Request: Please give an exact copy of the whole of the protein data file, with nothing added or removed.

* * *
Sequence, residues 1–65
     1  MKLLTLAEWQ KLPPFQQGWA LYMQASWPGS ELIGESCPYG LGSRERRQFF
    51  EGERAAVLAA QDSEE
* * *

Sequence, residues 1–65
     1  MKLLTLAEWQ KLPPFQQGWA LYMQASWPGS ELIGESCPYG LGSRERRQFF
    51  EGERAAVLAA QDSEE